Margin is divided into two types:
- margin required as an individual margin to take a position.
- aggregated margin required in case trading comes about to lose the margin and does not cover any additional capital on trader’s account.
In the event of adverse development of a leveraged position, a trader can receive a margin call from his dealer requiring him to carry out a margin payment on his account. If a trader does not raise enough funds, a broker can close the position and all damages suffered will be realized.
CFDs’ Modus Operandi
There exist four crucial factors of CFD trading: trading sizes, holding duration, spreads and gains/losses. Let us focus on them.
1. Spreads, commissions, swaps: CFD prices are divided into 2 types: purchase price (Bid) and selling price (Ask). Selling price is generally a bit less than the market cost, whereas purchase price is still slightly higher than this one. The variance between these 2 prices is defined as ‘spread’.
The smaller the trader’s spread, the sooner he becomes positive on his CFD deals. As far as contract for difference is concerned, there are CFD trade accounts that have no commission for entry and exit of the transactions. In this scenario, only spread counts in these CFD transactions daylong.
In case trader’s CFD position remains open from one day to another, a swap fee intervenes to keep it open during the night.
Exceptions to the afore-mentioned operation are CFDs that are not settled over spread. Alternately, purchasing and selling prices is in line with the cost of basic assets, and the fee for opening a CFD equity position is commissioned. Commissions to speculate on stock prices through contracts for difference are close the to the costs of trading physical stocks.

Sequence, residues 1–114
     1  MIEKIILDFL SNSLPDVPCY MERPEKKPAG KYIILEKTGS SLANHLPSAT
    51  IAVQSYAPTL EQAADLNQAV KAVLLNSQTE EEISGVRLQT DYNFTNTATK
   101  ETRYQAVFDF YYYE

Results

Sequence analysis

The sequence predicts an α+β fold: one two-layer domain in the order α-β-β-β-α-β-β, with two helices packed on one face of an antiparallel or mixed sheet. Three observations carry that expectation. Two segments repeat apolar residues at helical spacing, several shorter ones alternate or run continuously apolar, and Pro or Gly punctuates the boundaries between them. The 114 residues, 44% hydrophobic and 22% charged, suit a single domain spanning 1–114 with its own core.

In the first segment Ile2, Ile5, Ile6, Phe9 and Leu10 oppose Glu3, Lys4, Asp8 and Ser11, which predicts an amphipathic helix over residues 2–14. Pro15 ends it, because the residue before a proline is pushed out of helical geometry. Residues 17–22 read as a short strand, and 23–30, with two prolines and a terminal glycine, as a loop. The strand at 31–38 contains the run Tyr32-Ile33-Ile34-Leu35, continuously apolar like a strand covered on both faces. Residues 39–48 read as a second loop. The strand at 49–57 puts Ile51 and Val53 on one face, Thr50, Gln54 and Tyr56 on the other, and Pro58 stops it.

2. Trade size: Contracts for difference are sold in the form of lots, standardized contracts. The total amount of CFD is formed the basis of the basic asset and often matches the size at which it is traded in the current pipeline.
Gold is traded on commodities exchange, for example, to 100 troy ounces per lot. Accordingly, a golden CFD is also traded for 100 troy ounces per contract. For equity CFDs, one contract equals one share.
3. Holding period: It is noteworthy that the majority of CFD trades are free from fixed expiration dates. A trade gets closed by locating it in the opposite direction to the one chosen for the opening. If a trader buys 100 silver contracts, he must sell 100 silver contracts to close the position.
If a trader leaves a CFD position open on the expiry of a trading day (around 23.00), he will – beside a few exceptions – pay overnight financing costs. This fee affects the cost of funds that were finally borrowed to take the leveraged position.
4. Profit and loss: P&L CFD Long Position
P or L = Amount of contracts * Rate of each contract * (exit price – entry price)
P&L CFD Short Position
P or L CFD = Amount of contracts * Rate of each contract * (entry price – exit price)
To make a complete computation of the loss or gain of a transaction, it is necessary to remove any charges, commissions or stop loss fees that have been applied.